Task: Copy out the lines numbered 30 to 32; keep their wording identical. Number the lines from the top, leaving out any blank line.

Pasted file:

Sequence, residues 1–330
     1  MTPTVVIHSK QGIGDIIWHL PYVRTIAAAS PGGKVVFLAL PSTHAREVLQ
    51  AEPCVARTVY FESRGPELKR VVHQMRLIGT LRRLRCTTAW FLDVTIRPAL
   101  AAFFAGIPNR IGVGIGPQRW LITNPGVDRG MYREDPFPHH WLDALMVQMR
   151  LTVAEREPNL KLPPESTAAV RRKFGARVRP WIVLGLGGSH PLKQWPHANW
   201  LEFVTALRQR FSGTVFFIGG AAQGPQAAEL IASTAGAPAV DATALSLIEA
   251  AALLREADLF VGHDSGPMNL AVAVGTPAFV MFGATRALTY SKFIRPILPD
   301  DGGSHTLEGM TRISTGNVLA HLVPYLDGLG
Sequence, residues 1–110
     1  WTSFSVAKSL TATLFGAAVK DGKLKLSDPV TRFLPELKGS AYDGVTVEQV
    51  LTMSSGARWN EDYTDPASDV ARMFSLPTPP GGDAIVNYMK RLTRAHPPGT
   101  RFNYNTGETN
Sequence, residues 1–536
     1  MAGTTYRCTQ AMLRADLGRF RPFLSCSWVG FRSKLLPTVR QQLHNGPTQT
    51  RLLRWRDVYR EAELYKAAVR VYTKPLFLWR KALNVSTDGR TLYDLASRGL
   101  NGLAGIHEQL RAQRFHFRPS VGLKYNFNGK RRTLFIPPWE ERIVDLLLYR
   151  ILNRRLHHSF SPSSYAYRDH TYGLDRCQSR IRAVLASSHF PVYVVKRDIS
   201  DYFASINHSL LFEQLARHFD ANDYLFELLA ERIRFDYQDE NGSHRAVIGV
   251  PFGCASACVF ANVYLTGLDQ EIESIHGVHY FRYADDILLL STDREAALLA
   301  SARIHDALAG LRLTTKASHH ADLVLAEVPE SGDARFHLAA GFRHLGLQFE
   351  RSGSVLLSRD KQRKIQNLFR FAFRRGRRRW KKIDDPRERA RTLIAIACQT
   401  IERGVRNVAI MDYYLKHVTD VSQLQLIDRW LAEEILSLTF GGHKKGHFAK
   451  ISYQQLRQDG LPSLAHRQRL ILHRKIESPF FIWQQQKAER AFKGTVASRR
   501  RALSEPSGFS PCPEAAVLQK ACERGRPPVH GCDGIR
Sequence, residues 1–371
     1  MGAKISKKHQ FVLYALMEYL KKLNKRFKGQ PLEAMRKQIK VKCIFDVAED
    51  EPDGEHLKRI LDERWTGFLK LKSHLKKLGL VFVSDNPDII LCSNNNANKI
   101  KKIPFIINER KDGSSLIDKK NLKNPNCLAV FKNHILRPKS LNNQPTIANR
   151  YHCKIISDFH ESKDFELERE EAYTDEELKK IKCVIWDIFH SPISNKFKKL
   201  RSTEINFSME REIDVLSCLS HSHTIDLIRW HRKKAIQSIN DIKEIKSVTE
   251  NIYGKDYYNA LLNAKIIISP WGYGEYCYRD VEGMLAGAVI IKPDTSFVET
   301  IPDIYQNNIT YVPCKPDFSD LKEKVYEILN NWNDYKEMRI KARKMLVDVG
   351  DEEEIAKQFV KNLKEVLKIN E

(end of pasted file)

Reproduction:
   201  RSTEINFSME REIDVLSCLS HSHTIDLIRW HRKKAIQSIN DIKEIKSVTE
   251  NIYGKDYYNA LLNAKIIISP WGYGEYCYRD VEGMLAGAVI IKPDTSFVET
   301  IPDIYQNNIT YVPCKPDFSD LKEKVYEILN NWNDYKEMRI KARKMLVDVG